Places Discussed

(Critical Guide to Settings and Places in Literature)

Whitemud

Whitemud. Canadian town, based on the real town of Eastend, in southwestern Saskatchewan, Canada, where Stegner lived for about five years when he was a boy. The real town’s name derives from its location near the eastern end of the Cypress Hills, a prominent geographical feature that lies parallel to the U.S.-Canada boundary. In the fictional Whitemud and at a nearby wheat-farming homestead used only during the growing season, the Mason family has its only long-lasting home and experience of community.

The family’s Whitemud home is a two-story, eight-room house built by Bruce’s father, Bo Mason, in an attempt to salvage his marriage to Elsa, whom he had earlier deserted in Washington State. The theme of the importance of having a lasting, secure and affectionate home is the emotional core of The Big Rock Candy Mountain, and the five years the Masons spend in Whitemud are the center of the novel’s exploration of this theme. Bo chooses the town simply as the latest target of his ambition to get rich quick. He regards it as a dirty little “dung-heeled sagebrush town,” but Elsa views it as a place to settle down and live respectably, if modestly. For Bruce and his older brother, Chet, Whitemud is the site of typical childhood adventures, but for Bruce, especially, it represents society and civilization, a warm place in which his precocious intelligence is molded both by culture and the natural world.

In the novel’s most lyrical episode, Bruce and his parents spend a day making an automobile trip from their homestead to the...

(The entire section is 652 words.)

Literary Techniques

(Beacham's Encyclopedia of Popular Fiction)

Some critics object to the shifting point of view in The Big Rock Candy Mountain. The story is told from the perspectives of the...

(The entire section is 420 words.)

Ideas for Group Discussions

(Beacham's Encyclopedia of Popular Fiction)

Because of its topical subject matter and superior prose style, Stegner's fiction usually provokes stimulating discussions. In general, his...

(The entire section is 410 words.)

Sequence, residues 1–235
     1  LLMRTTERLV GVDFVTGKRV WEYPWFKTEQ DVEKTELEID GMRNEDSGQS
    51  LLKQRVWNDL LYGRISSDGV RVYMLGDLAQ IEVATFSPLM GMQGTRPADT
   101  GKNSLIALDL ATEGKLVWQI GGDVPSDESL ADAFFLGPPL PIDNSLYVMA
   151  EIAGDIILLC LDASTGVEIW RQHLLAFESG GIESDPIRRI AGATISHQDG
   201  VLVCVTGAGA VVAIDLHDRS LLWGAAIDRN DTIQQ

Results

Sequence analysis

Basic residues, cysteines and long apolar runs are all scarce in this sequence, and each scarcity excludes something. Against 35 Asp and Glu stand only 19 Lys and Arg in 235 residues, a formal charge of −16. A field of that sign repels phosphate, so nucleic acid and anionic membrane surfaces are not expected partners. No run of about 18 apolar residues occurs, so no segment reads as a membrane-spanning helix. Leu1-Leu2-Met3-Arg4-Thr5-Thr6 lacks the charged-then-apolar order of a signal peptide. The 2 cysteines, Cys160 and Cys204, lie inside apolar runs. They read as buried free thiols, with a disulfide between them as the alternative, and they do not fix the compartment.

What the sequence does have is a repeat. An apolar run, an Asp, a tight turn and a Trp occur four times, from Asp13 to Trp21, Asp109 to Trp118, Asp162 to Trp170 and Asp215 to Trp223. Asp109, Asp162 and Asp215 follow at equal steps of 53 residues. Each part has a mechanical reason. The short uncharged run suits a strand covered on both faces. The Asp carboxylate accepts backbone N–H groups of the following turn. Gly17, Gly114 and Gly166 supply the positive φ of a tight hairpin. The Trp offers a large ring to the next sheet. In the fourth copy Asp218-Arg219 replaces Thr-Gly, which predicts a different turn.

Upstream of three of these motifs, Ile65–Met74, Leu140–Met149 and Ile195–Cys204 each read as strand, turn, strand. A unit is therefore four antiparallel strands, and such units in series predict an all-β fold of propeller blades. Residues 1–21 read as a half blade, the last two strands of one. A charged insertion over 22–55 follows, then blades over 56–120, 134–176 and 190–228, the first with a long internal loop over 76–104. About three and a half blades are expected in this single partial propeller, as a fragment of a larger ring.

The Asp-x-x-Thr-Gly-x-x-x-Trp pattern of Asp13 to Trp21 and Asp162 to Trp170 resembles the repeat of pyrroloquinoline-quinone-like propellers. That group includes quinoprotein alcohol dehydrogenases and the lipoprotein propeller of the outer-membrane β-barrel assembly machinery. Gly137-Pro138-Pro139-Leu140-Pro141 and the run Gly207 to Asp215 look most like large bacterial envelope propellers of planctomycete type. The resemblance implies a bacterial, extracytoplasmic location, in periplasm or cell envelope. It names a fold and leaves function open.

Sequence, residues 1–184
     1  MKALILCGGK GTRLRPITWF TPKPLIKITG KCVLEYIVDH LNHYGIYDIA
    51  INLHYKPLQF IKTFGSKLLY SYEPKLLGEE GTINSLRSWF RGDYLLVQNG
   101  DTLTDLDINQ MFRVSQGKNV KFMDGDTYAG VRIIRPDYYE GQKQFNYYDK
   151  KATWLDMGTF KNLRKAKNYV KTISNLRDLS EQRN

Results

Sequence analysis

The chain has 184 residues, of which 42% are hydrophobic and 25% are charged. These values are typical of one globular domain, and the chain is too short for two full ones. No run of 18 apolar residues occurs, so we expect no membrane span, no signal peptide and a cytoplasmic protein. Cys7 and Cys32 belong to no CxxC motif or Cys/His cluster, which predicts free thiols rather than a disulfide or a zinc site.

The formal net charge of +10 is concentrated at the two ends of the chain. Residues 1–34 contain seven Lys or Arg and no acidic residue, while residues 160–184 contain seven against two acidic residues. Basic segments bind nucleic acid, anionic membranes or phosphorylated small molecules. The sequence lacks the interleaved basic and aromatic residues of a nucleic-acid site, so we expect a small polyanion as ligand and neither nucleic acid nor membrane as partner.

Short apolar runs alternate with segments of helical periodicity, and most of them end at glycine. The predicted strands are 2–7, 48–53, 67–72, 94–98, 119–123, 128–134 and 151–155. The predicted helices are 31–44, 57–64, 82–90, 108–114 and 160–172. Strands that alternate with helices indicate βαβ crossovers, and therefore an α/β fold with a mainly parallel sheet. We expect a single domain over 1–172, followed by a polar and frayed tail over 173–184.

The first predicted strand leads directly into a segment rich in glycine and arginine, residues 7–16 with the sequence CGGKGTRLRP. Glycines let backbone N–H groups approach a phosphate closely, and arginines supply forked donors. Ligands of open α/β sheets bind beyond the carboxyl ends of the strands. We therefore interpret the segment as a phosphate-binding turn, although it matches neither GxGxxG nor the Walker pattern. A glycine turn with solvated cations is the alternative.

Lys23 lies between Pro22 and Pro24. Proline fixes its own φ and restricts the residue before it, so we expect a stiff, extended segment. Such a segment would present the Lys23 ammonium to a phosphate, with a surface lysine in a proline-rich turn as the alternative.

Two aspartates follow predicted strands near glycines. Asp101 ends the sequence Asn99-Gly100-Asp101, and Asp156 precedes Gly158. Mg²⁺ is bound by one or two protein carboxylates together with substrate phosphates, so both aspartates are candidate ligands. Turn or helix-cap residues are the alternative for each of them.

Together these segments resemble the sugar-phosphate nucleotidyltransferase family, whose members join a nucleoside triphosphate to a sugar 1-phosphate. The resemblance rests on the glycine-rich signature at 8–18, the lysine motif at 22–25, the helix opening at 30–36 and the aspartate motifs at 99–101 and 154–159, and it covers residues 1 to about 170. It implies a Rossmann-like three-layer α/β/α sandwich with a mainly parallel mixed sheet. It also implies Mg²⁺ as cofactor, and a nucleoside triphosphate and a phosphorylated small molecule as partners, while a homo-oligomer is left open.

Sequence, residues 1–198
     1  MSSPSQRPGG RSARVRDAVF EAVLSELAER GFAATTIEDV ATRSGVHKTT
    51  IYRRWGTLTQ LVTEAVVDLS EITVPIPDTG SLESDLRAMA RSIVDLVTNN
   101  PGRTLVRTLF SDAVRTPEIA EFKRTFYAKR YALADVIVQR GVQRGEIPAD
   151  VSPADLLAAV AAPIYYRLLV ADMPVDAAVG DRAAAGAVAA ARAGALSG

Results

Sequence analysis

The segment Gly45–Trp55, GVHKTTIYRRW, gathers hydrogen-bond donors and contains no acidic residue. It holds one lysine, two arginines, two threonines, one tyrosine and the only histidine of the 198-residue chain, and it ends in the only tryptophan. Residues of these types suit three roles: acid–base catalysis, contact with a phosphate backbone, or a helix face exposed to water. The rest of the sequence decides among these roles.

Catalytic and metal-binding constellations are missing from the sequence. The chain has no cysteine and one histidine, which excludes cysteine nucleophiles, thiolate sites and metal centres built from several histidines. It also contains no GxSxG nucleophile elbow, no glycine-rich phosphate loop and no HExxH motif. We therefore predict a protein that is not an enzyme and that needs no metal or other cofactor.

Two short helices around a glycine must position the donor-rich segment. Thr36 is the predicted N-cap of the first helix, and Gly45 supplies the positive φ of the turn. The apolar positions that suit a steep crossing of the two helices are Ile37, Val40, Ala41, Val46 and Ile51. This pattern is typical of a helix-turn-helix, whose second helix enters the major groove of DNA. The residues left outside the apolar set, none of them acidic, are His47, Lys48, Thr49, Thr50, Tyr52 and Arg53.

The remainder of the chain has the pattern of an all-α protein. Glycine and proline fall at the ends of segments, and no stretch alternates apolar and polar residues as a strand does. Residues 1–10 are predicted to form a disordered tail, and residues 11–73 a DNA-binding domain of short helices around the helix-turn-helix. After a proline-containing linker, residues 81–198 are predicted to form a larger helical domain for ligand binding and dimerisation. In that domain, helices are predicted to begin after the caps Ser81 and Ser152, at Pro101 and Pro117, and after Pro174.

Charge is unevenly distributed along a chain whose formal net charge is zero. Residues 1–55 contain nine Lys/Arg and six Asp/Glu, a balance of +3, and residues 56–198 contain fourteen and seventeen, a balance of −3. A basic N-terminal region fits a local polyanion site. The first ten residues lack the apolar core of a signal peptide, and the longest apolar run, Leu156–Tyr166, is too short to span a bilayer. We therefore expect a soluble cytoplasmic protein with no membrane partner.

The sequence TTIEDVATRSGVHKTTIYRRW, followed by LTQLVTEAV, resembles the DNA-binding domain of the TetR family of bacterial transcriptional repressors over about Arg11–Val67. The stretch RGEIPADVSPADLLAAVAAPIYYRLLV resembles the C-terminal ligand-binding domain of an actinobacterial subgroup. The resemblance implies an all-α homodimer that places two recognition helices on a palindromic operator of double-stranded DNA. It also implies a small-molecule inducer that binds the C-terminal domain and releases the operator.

Social Concerns

(Beacham's Encyclopedia of Popular Fiction)

The Big Rock Candy Mountain focuses on the ending of the western frontier. Through the character of Bo Mason, the novel shows what...

(The entire section is 382 words.)

Literary Precedents

(Beacham's Encyclopedia of Popular Fiction)

The great, wandering epic structure of The Big Rock Candy Mountain resembles that of Mark Twain's The Adventures of Huckleberry...

(The entire section is 69 words.)

Related Titles

(Beacham's Encyclopedia of Popular Fiction)

In Recapitulation, the sequel to Big Rock Candy Mountain, Bruce Mason returns to Salt Lake City and tries to sort out his...

(The entire section is 84 words.)

Bibliography

(Masterpieces of American Literature)

Arthur, Anthony, ed. Critical Essays on Wallace Stegner. Boston: G. K. Hall, 1982. Includes two reviews of The Big Rock Candy Mountain written when it was first published and several critical essays that analyze themes, point of view, and autobiographical influences.

Lewis, Merrill, and Lorene Lewis. Wallace Stegner. Boise, Idaho: Boise State College, 1972. A brief overview of Stegner’s life and work.

Robinson, Forrest Glen, and Margaret G. Robinson. Wallace Stegner. Boston: Twayne, 1977. Includes biographical information and a discussion of Stegner’s fiction and nonfiction, including The Big Rock Candy Mountain.

Stegner, Wallace, and Richard W. Etulain. Conversations with Wallace Stegner on Western History and Literature. Salt Lake City: University of Utah Press, 1983. Stegner discusses his life and his writing as well as his views on literature and history.

Willrich, Patricia Rowe. “A Perspective on Wallace Stegner.” The Virginia Quarterly Review 67 (Spring, 1991): 240-259. An overview of Stegner’s life and work. Discusses the autobiographical material in his writings and his role as a Western writer.